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The Most Commonly Used Tax Deductions and Credits to  Reduce Your Tax Liability

The Most Commonly Used Tax Deductions and Credits to Reduce Your Tax Liability

There are a variety of tax deductions and credits that are available to Canadian taxpayers to reduce their tax liability. While it is beyond the scope of this article to review every single tax deduction and credit, it would be helpful to highlight the most prevalent and useful:

tax deductions and credits
  • Family, child-care, and caregivers deductions and credits
  • Education deductions and credits
  • Disability deductions and credits
  • Pension and savings plans deductions and credits
  • Employment expenses and credits

Let’s drill down each of these categories to get a better idea of how these deductions and credits can help you reduce the amount of tax that you will owe.

1. Family, child-care, and caregivers deductions and credits include the following:

  • Child-care expenses: These are expenses that involve amounts that you pay to another person to look after your child in order that you can continue working or attend school. Payments made for child-care can be made to individual caregivers, nursery day school, day care centres, day camps and day sports schools, and overnight camps.  This is a deduction, not a credit, and so reduces tax payable at an individual’s marginal rate.
  • Support Payments: Individuals can claim deductions for spousal support paid to a former spouse. However, they cannot claim child support payments.
  • Spouse or common law partner amount: You can claim a tax credit if at any time in the year you “supported” a spouse or common law partner and their net income was less than $12,069.

2. Education deductions and credits include amounts you may be able to claim as a deduction or a credit related to education. This refers to a variety of credits, including for tuition, interest on student loans, moving expenses, and in prior years, expenses for textbooks.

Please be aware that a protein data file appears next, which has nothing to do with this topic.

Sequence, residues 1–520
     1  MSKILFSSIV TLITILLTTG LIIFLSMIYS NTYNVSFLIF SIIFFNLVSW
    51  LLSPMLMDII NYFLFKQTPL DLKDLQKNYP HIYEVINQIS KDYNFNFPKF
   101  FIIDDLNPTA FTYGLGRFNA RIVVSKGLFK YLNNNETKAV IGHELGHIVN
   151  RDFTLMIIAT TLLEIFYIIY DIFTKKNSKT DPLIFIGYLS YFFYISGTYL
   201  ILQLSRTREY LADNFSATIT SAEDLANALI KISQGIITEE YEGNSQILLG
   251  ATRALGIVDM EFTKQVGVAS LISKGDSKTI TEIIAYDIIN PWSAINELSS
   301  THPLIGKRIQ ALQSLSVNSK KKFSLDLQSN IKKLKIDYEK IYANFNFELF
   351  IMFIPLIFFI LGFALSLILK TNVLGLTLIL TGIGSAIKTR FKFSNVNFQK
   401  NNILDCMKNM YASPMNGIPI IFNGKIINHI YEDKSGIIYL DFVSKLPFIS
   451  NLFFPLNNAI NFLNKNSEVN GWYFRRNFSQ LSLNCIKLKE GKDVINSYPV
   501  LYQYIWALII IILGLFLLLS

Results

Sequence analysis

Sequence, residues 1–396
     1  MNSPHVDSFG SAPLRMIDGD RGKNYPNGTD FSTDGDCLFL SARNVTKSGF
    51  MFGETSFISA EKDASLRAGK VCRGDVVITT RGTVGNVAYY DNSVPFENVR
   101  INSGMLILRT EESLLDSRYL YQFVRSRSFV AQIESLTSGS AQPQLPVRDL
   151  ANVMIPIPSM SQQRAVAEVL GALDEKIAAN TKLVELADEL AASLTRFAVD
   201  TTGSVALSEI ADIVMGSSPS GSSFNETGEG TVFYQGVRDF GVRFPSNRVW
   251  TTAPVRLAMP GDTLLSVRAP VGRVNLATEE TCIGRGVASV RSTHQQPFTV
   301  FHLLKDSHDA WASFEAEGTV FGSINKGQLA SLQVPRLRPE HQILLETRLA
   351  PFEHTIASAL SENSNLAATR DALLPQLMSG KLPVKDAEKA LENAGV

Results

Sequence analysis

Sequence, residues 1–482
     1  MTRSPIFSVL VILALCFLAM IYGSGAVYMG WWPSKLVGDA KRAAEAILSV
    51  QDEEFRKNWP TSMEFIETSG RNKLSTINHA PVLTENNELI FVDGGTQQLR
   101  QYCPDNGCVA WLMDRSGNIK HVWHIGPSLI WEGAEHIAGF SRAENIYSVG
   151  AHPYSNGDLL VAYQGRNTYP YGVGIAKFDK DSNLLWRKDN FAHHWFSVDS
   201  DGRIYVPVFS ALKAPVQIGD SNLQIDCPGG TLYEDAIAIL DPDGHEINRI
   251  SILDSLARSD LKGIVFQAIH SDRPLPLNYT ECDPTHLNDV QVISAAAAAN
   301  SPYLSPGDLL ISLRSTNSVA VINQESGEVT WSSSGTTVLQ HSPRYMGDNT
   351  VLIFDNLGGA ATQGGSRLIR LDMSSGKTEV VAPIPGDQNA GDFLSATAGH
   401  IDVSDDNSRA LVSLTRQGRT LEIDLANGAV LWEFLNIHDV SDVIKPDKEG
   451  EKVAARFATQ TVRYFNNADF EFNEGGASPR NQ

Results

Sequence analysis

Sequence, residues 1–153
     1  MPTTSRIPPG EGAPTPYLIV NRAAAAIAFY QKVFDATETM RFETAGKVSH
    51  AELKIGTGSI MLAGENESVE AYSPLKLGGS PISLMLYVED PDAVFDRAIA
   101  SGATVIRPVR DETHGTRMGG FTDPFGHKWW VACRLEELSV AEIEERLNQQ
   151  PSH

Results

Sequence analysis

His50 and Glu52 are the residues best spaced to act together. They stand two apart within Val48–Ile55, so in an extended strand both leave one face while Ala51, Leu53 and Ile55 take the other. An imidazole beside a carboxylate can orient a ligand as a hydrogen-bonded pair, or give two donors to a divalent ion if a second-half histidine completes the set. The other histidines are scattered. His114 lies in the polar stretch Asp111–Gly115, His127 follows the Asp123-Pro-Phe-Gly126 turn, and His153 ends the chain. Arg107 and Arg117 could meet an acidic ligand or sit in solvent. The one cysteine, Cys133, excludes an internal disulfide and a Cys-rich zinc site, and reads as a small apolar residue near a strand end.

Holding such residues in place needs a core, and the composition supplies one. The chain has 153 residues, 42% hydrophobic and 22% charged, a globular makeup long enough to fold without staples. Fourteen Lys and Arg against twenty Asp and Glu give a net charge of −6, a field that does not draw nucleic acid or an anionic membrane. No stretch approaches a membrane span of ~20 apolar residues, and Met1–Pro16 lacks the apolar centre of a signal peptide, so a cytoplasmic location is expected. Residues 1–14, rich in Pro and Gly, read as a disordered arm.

3. Disability deductions and credits relate to deductions and credits that can be claimed for someone with an impairment in physical or mental functions. This can include yourself, your spouse or common law partner, and other eligible dependents. These credits can be very valuable for people with disabilities and significant incomes, but eligibility is reviewed frequently.

4. Pension and savings plans deductions and credits relate to the amounts thatyou can claim related to pension plans and savings income you report, contributions to the Canada Pension Plan, RRSPs and more. In particular, these can allow taxpayers to partially offset tax that would otherwise be payable on pension income. Pension plans include what you earned under your employer’s registered pension plans (RPP) and deferred profit sharing plans (DPSP, and some unregistered retirement plans.

5. Employment Expenses and Credits involve amounts that you can claim related to employment. This includes union and professional dues, moving expenses, GST/HST paid to earn income, and employment insurance premiums.

A lawyer at Kalfa Law Firm is available to help you assess which deductions and credits apply to your situation, your eligibility, the amount allowable, and any exceptions. Claiming all the allowable deductions and credits can help you save substantially on your tax liability.


I am employee! Can I claim employment expenses?
Maybe, but probably not. Most workers do not claim expenses against employment income. Claiming some of the most common employment expenses, including for payment of an assistant or for a home office, requires a form from your employer certifying that you meet fairly restrictive conditions, referred to as a T2200. Some other employment expenses, such as for pursuing unpaid wages, do not require this form.
I forgot to claim some expenses! Is it too late?
Probably not. When dealing with personal tax credits and deductions, CRA has a fairly generous policy in allowing taxpayers to amend old tax returns, unless the year has already been subject to a formal audit. You can amend old returns using a “T1 Adjustment”. We would encourage you to be particularly careful in doing so, ad amended claims are reviewed vigorously.
Can I claim child support payments?
No—you cannot claim a deduction for child support payments. If you receive child support payment, you do not pay tax on these amounts, and may also be able to claim a deduction for some expenses in obtaining or protecting a right to support.
Can I claim education credits for textbooks?

No—not for years ending in 2017 or later.

You work hard for your money. We work hard for you to keep it ™ .

– James Alvarez, Tax Counsel

© Kalfa Law Firm 2020

The above provides information of a general nature only. This does not constitute legal advice. All transactions or circumstances vary, and specified legal advice is required to meet your particular needs. If you have a legal question you should consult with a lawyer.

Speak with a tax lawyer to assess which deductions & credits can help you save!

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